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Tongues of Ash

Tongues of Ash by Keith Westwater
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Keith Westwater's poetry arises from his appreciation and love of the New Zealand landscape. Well-travelled throughout the land, the poet evokes memories as he revisits places invested with emotion, history and spirituality. Winner, IP Picks Best First Book, 2011. Keith Westwater began writing poetry in 2003 while attending the International Institute of Modern Letters' Writing the Landscape course at Victoria University of Wellington. Since then his work has appeared in a number of literary publications and has received or been short-listed for awards in New Zealand, Australia, and Ireland. Prizes for his poetry include an equal first place in the 2006 Yellow Moon Spirit of Place competition, first place in the International Tertiary Student Poetry section of the 2009 Bauhinia Literary Awards, and Best First Book in the 2011 IP Picks competition. In 2009 he completed a Master of Letters in creative writing through Central Queensland University. Keith currently lives in Lower Hutt, New Zealand. Before joining the New Zealand Army as a Regular Force Cadet in 1964, he went to school in Northland and Auckland. During his time in the Army and after leaving it in 1985, he has lived in many places in New Zealand and travelled extensively throughout the country and overseas. His working life has centred on teaching and learning and development in the workplace.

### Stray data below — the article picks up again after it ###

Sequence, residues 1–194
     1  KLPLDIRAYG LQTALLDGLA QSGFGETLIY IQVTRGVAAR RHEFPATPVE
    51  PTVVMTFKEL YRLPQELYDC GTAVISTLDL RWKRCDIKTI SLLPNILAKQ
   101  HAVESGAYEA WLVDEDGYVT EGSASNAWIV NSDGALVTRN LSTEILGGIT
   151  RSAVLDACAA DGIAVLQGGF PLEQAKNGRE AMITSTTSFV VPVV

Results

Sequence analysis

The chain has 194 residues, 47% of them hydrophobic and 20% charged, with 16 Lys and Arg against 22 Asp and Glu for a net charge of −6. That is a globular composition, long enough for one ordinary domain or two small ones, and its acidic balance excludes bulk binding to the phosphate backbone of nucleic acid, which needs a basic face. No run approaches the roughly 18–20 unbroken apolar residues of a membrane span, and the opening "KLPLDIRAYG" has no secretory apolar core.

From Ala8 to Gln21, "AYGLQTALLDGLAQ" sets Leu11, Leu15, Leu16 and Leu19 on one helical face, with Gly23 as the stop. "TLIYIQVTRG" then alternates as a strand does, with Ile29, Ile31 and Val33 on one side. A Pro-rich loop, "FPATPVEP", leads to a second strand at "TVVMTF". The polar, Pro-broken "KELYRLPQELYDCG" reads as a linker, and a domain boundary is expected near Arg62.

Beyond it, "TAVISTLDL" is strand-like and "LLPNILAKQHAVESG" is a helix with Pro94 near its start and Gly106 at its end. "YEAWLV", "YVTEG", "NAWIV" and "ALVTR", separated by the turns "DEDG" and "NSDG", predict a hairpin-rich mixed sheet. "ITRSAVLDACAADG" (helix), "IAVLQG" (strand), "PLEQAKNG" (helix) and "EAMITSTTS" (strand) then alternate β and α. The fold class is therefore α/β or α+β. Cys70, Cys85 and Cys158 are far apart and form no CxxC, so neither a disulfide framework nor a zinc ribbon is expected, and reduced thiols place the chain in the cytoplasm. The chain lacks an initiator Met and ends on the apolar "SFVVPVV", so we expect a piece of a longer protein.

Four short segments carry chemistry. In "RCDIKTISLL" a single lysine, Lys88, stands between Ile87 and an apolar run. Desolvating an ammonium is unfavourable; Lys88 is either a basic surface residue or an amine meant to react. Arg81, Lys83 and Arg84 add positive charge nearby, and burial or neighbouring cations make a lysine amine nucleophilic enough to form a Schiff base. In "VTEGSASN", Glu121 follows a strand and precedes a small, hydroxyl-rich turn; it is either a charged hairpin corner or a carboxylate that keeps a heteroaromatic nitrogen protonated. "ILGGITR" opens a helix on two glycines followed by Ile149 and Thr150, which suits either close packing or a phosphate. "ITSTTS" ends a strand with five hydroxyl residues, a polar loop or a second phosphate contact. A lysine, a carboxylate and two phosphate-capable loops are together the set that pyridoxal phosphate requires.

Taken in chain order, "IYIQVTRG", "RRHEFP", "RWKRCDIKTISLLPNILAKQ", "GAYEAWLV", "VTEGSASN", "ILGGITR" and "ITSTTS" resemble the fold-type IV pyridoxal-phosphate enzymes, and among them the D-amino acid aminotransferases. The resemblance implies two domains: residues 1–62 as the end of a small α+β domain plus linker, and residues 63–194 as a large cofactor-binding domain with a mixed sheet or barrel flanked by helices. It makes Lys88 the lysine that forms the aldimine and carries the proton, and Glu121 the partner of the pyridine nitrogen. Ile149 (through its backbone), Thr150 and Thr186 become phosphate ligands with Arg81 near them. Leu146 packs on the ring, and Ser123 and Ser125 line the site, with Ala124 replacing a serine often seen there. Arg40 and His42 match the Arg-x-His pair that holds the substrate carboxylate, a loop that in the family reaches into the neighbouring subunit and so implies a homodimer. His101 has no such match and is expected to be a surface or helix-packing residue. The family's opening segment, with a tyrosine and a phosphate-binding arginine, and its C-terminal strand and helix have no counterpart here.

IP (Interactive Publications); October 2011
ISBN 9781921869273
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Title: Tongues of Ash
Author: Keith Westwater
Canterbury Visit, Winter 1982 You clasp a shabby quilt of dun and brown. Memories from years before at first stay locked away like the snow water in your mountains marching north and south. No storms call to your Port Hills, which are as bare as the trees that trellis your sky. But then, they always did. Even as I enter the city of my first true love you get coy clutch up a skirt of fog. Once again I have to fumble my way. Rivers that feud with the sea The Haast rages at the sea when in flood rips boulders big as trucks from the knees and feet of giants hurls them in the ditch. The Waiho runs to the sea from the nose of a river of ice which very slowly pokes its tongue in – and out, as it bench-presses mountains of snow. The Grey races for the sea but, barred from its prize wins instead the bones of boats and ships and the tears of fishermen's widows. Winds and time Throughout our lives blow many winds and gales. Tomorrow's forecast is for dangerous gales. Loved ones and their dreams are drowned at sea when storms cause ships on shoals to sail. At night, the moon is lashed by trees while men go mad from days of nor'west gales. Wind on sand makes seas of crescent moons and sand on winds of time all life assails. Take my hand, Margret my love, we'll climb the tops lean forward, yell, push back tomorrow's gales.